What's that, then?
Am I the only person on earth who has never played Angry Birds and couldn't care less?
Sydney, Australia, today hosted the first day of a competition to pit humans against artificial intelligence, with the two sources of reasoning competing in rampantly-popular game Angry Birds. The challenge was hosted by the Australian National University's Artificial Intelligence Group, where Associate Professor Jochen Renz …
Ever played any sort of Scorched Earth clone or the Worms series?
You've played it then.
It was a cheap (free with adverts for lots of people) game with some basic 2d physics where you fire birds with different properties over obstacles to knock down a house and kill all the "pigs" (green circles with faces) inside.
About the best bit of it is the physics library used, Box2D, which is free and open-source. Since it was free and quite polished and bundled with app stores etc. it became very popular to people who didn't game during the DOS era (because they thought it was "new") and sold millions of copies. But all their spin-offs have to be angry-birds related or they don't sell, because the game itself is nothing special but the brand is now "famous". So you have angry-birds in lots of different locations, with different "types" of birds and even one in space where they've played with the gravity a little. But all attempts to do anything but merchandise angry-birds (everything from Christmas annuals to cuddly toys to a game with a little catapult to fire birds at structures with pigs in them) from the same company fail.
Remember tetris? How everyone went mad for it on Gameboy even though it was already out years before and there were several million clones within a week, and how the creator of Tetris never really went on to do anything else because it was the tetris name that was selling things? Same thing, 20 years later.
For me, the problem is mildly interesting, if they do it properly and have full levels and full physics.
You have only very limited input (angle, power). But the results can be incredibly chaotic given that input (i.e. a tiny pixel either way, or a slight rounding error, and the whole screen collapses in a totally different way).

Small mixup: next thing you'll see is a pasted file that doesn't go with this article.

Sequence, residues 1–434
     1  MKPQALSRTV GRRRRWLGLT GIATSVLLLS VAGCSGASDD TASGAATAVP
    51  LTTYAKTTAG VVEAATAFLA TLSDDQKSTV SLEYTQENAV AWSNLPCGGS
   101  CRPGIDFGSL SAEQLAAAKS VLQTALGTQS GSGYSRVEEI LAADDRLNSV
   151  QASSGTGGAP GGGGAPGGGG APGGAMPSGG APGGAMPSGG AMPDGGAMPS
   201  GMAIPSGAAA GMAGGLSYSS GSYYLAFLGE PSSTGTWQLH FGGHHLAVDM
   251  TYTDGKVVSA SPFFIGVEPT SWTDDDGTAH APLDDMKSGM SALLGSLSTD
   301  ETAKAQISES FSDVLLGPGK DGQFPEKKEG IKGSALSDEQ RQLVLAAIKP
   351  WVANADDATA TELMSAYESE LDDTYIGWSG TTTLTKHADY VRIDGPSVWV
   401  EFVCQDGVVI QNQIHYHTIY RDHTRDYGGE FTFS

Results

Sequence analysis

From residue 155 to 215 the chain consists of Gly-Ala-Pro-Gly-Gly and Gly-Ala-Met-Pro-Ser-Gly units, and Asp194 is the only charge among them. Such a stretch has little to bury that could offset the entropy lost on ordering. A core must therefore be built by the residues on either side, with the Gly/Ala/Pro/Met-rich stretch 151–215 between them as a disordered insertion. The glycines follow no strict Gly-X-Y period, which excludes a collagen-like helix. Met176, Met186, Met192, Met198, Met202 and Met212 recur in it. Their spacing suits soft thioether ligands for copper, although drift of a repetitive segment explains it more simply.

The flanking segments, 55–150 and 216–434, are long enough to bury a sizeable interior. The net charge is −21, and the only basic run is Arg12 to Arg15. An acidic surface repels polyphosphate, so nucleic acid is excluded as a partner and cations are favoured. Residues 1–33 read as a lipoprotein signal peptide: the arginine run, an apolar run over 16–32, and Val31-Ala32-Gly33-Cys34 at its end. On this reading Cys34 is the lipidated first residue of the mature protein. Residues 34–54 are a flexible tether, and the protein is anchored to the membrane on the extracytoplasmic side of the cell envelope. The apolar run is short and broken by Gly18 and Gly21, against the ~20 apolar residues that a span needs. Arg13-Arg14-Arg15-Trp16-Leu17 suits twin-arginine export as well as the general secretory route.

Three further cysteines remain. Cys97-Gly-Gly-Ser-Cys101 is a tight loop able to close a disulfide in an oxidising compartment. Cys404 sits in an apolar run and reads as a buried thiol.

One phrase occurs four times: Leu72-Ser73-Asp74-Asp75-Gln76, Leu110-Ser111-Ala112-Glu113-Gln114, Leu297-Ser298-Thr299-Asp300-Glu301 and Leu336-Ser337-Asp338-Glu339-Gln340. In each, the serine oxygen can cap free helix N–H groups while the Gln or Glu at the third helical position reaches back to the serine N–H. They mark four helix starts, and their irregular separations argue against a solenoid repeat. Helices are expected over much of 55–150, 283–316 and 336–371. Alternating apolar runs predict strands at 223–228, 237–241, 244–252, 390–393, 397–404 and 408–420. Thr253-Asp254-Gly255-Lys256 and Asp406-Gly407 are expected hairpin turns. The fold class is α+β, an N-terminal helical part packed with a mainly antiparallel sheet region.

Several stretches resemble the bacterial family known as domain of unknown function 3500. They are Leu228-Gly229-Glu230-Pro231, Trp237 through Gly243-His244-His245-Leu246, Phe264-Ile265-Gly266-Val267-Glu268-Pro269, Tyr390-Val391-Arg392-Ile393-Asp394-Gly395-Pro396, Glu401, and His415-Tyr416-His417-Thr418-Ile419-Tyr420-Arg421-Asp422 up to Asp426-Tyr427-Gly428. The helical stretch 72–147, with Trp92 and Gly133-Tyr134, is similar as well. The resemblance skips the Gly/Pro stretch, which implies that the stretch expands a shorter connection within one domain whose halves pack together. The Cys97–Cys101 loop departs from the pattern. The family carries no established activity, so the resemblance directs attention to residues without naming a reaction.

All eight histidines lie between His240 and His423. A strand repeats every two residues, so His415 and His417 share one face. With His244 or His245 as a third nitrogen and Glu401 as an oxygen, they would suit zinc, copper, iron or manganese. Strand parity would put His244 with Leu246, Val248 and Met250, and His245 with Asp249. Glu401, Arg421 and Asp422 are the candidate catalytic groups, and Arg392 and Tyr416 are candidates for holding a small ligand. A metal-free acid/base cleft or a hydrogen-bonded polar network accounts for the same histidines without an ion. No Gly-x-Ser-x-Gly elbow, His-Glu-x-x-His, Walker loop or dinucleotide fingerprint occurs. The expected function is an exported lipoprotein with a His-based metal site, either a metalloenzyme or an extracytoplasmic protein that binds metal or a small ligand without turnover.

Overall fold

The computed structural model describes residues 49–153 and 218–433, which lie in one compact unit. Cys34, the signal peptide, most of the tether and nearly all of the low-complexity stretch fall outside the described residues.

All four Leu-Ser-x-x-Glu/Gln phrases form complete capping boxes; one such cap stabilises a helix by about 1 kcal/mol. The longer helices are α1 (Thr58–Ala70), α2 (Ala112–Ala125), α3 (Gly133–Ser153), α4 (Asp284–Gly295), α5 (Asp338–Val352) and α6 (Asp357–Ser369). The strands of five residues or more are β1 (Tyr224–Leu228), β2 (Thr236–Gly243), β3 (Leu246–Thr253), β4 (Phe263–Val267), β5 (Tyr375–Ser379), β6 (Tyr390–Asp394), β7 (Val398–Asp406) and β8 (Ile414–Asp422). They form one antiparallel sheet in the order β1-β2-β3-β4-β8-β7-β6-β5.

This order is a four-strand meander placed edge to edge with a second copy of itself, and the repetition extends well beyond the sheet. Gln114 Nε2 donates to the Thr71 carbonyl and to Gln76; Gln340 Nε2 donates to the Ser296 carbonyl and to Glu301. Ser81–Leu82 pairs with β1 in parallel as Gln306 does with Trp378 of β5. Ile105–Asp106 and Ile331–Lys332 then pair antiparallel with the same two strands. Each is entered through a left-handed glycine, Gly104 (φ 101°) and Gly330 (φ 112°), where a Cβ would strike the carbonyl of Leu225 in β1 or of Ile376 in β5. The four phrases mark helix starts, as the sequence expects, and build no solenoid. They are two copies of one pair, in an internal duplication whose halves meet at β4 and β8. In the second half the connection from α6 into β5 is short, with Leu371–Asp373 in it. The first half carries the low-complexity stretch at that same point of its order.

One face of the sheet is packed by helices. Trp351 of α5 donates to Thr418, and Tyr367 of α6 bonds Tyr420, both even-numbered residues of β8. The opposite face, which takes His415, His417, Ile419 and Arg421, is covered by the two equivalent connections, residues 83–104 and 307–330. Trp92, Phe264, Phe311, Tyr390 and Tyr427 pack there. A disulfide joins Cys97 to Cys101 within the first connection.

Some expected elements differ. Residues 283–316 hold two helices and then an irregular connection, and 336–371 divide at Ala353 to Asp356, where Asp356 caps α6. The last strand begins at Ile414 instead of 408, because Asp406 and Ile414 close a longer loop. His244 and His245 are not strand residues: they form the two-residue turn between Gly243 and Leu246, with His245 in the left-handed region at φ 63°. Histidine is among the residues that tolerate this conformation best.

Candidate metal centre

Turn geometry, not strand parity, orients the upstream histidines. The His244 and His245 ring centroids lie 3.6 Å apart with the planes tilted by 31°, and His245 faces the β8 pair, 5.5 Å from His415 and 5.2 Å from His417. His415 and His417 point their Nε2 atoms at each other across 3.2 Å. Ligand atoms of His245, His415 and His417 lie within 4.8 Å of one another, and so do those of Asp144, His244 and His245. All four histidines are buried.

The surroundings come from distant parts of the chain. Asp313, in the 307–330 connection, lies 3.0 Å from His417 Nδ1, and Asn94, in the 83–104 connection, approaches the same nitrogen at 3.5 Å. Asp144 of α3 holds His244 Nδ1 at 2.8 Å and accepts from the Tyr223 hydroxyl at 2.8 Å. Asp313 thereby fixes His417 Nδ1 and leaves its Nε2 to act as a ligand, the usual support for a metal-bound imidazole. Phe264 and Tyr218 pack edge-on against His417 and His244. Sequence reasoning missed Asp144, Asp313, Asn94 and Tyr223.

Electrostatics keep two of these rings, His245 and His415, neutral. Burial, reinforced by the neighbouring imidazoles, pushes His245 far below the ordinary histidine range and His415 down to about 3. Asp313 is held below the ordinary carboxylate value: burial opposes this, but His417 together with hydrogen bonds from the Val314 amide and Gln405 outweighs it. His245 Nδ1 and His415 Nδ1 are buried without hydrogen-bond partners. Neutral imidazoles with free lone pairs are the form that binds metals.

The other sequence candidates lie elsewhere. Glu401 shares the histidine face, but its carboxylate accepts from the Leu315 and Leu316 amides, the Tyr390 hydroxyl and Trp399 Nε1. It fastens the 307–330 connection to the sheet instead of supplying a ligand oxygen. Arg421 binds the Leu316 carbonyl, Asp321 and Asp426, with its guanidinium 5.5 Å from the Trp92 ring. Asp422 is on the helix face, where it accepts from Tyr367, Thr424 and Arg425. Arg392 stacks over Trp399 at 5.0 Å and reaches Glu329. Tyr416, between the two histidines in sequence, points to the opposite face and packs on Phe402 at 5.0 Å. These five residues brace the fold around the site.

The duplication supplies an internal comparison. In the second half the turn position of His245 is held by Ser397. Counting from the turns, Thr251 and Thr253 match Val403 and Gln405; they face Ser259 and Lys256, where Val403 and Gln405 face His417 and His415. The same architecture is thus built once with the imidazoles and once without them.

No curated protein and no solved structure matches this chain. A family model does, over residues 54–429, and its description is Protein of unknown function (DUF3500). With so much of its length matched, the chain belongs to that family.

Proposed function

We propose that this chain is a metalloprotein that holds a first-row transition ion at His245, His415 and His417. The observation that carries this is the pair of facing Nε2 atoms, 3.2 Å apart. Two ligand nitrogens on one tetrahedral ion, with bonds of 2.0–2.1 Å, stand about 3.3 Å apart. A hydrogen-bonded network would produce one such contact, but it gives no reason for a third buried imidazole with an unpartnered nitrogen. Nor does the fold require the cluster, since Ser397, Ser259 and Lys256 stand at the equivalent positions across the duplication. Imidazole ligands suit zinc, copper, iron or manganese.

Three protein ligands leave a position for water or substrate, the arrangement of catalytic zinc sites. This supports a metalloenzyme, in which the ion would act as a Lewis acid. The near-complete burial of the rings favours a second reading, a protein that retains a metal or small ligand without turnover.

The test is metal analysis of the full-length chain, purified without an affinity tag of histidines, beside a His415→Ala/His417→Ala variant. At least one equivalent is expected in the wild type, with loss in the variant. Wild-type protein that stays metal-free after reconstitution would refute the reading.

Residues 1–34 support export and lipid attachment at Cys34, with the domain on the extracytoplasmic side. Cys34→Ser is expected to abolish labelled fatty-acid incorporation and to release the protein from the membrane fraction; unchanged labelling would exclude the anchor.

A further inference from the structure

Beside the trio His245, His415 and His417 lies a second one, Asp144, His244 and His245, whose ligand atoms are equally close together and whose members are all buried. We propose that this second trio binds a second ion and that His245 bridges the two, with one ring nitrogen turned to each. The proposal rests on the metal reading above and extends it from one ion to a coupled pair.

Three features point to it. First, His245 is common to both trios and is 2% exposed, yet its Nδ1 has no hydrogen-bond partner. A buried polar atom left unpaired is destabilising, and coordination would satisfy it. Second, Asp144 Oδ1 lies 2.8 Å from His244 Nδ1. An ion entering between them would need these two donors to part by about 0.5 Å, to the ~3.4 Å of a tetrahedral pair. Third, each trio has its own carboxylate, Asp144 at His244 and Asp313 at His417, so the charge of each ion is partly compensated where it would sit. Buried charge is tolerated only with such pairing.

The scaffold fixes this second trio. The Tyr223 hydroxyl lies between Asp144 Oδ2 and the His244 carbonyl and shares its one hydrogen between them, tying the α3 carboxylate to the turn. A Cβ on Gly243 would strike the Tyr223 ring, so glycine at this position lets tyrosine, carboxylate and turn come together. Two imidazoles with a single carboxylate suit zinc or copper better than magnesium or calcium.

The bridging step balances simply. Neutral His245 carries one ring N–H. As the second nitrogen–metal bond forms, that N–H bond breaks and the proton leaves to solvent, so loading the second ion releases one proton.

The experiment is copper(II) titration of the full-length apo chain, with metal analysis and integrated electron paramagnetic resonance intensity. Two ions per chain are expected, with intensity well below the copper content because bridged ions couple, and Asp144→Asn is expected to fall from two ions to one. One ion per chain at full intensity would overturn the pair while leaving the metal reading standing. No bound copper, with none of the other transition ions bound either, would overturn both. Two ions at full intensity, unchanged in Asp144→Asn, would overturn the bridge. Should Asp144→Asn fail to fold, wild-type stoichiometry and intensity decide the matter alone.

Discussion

The problem is, though, that the amount of debris on the screen will be quite high and tracing parabolic paths through it to find a given target (even if you know where that target is), not to mention physics-based rolling and momentum, is extremely tricky. So I don't think that a "naive" interpretation would be interesting enough, or capable of enough. If you're just relying on finding a "magic set" of shots on each level, you might be sadly disappointed if the engine isn't 100% replayable. And to find that magic set, you would need so many attempts that it becomes a laughable task to attempt.
But looking for a path is also complicated, you wouldn't be able to use traditional game theory branching techniques to try to find an optimal path to the goal, there are just too many variations. You are basically looking at a high-level tree controlling, say, which target you actually target, in what order, and modify based on the amount of obstruction to them. However, the actual shots will have to be calculated quite well to be any good.
Worms AI, for example, used to pull off some incredible shots because it knew the end result of the physics was you dying. But it wasn't able to prioritise targets effectively, or know which were the greatest threat, and didn't cope well with obstructions (best way to win, if I remember, was to bury youself underneath the enemy and wait for him to run out of weapons and/or kill himself), and that's a lot more important in this game - if you aim for the wrong target first, or even cause collateral damage elsewhere, you can make it impossible to take out later targets because you've covered them in debris or blocked off access to the optimal parabola.
That said, I don't think it's particularly "new" or "interesting" in terms of AI. We won't be seeing any great computer science come out of it, because almost all the problems involved are "solved", just tricky to do and with huge amounts of analysis required to get it right. And absent that, it's about throwing away the right bits of information and doing things in larger discrete steps rather than analysing every possibility.
It's an interesting kind of "competition", in the everyday sense of the word (i.e. £250 to the winner or whatever), but it's not very interesting in terms of pushing forward AI or finding out anything new. It's just a new application for old techniques and developing some heuristic to optimise those techniques for this particular case.
Lee, your two posts on this are remarkable in that they give a very good sense of why this is a very interesting problem and why it's an interesting game, yet you are simultaneously telling us how pastiched and boring both the game and the problem of playing the game are!
The input is much more complex than just angle & power. You also need to tap to activate four of the five birds' special moves during flight, which is very complex because each bird's special move is different:
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